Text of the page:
Flash flood water which cascaded into the historic RAF Uxbridge Battle of Britain bunker did get in and cause some minor damage, it has emerged.

Forty-eight hours after the deluge which brought widespread floods and transport chaos to parts of the borough in the early morning of Monday, July 28 , contractors are still removing the last of the rainwater which poured down the main staircase of the bunker.           

Water marks on a window show how high the water rose
 

Although the deluge was largely stopped by smoke-resistant doors, prompting volunteers on Monday afternoon to tentatively state that catastrophe had been averted, the water managed to seep into the 60ft-deep Battle of Britain command centre.

Contractors working tirelessly since Monday had by the morning of Wednesday, July 30 reduced the depth to about an inch throughout, said Squadron Leader Richard Willis of RAF Northolt, who oversees RAF heritage in the borough.

“They have got the majority of the standing water out, but what is left is about an inch of standing water throughout the bunker,” he said, following a visit on Tuesday afternoon.

“After that, it’s a case of drying everything out and getting the dehumidifiers down there.”

A corridor resembles a river
 

Nonetheless, all the carpets will have to be scrapped, said Mr Willis, and a few small artifacts have been damaged.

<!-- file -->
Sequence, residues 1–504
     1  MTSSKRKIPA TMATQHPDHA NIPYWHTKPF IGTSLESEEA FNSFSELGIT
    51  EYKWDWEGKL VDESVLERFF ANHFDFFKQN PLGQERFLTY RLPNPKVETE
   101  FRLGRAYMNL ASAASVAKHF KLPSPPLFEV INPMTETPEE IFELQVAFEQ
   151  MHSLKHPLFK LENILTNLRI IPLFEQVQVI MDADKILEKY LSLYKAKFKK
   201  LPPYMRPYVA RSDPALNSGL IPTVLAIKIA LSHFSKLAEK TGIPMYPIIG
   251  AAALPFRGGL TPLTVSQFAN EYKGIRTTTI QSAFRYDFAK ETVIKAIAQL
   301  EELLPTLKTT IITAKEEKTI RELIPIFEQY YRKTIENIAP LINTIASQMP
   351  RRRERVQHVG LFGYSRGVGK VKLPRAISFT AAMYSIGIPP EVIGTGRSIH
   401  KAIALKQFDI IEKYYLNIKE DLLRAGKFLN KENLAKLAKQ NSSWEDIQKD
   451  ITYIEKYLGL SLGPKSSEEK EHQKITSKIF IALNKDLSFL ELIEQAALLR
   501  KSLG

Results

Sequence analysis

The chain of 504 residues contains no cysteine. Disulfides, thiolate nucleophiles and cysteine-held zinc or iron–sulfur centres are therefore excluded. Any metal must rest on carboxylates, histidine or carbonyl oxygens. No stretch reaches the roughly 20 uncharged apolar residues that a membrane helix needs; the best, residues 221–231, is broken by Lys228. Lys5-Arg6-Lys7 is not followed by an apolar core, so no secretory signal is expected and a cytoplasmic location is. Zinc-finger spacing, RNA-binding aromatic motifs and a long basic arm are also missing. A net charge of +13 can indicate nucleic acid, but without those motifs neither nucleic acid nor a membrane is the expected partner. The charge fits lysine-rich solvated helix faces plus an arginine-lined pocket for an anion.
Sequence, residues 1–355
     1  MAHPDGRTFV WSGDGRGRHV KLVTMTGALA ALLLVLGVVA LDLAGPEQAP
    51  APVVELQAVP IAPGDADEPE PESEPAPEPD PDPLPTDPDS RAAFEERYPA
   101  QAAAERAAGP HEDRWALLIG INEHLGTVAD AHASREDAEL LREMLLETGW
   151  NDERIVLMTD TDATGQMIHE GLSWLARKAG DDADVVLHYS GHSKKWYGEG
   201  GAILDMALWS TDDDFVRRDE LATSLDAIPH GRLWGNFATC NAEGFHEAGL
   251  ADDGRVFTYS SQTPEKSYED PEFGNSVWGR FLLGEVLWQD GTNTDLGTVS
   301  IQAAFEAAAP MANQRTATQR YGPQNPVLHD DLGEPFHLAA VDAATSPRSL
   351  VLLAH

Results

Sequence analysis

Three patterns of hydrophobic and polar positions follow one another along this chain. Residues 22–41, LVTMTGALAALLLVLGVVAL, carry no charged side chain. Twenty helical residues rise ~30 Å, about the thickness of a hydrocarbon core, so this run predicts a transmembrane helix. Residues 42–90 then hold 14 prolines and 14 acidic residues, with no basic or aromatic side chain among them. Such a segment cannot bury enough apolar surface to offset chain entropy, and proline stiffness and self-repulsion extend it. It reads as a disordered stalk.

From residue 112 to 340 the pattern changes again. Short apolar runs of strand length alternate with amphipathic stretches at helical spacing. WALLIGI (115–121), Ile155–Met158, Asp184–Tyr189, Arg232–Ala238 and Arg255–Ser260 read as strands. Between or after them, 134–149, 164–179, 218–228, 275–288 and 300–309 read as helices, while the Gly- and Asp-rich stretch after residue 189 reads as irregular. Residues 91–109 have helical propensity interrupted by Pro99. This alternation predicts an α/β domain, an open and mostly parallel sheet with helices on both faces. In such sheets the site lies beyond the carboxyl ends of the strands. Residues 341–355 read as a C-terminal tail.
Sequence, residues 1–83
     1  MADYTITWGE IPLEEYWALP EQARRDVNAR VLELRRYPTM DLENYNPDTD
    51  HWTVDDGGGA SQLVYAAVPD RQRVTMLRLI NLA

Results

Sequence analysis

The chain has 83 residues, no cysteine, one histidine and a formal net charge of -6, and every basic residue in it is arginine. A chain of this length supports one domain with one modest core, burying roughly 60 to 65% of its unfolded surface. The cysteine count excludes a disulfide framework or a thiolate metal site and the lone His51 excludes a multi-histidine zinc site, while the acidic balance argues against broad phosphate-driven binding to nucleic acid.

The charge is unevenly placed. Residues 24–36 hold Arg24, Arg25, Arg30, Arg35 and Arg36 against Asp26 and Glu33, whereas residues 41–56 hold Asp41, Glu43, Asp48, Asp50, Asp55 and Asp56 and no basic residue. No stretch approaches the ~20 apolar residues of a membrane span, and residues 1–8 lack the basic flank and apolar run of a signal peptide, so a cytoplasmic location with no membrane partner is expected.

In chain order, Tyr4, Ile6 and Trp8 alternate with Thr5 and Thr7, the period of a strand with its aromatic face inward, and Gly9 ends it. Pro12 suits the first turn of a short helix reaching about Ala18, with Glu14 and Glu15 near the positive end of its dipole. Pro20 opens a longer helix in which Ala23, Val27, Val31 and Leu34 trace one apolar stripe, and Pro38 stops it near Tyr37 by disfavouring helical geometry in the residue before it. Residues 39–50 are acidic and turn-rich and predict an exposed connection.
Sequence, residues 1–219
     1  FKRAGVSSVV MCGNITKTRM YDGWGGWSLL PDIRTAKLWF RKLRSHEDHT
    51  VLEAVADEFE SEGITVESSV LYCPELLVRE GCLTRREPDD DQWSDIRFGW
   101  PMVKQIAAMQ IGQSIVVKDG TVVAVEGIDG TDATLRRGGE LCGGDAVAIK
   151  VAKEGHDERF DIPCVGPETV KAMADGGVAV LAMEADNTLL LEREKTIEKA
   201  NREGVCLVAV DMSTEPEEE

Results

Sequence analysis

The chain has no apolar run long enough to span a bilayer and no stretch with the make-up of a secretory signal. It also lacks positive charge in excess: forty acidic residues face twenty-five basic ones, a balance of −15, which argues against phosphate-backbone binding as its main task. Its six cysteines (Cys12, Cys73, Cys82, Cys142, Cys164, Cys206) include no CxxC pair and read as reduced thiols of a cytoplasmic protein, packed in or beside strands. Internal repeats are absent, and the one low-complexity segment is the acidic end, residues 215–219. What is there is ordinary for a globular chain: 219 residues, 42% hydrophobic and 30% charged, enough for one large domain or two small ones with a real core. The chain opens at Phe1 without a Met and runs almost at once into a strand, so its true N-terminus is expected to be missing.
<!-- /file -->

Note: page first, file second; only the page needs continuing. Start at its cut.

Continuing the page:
Crucially, although water did eventually reach the famous plotting room, it sat at floor level at the entrances and did not rise sufficiently to enter a room that has a higher floor than the bunker’s ground level.

“The biggest problem frankly is that we cannot have the public in there for at least two weeks,” said Mr Willis. All visits are cancelled until further notice.

Measures are being looked at to stop such a disaster happening again but they need to be assessed for cost-effectiveness, he said.

“Let’s be honest, this was built in 1939 and this has never happened before, so will it happen ever again? That’s the question.”

RAF Northolt appeals for your help

'You are watching the water rush in and that's when you start to panic'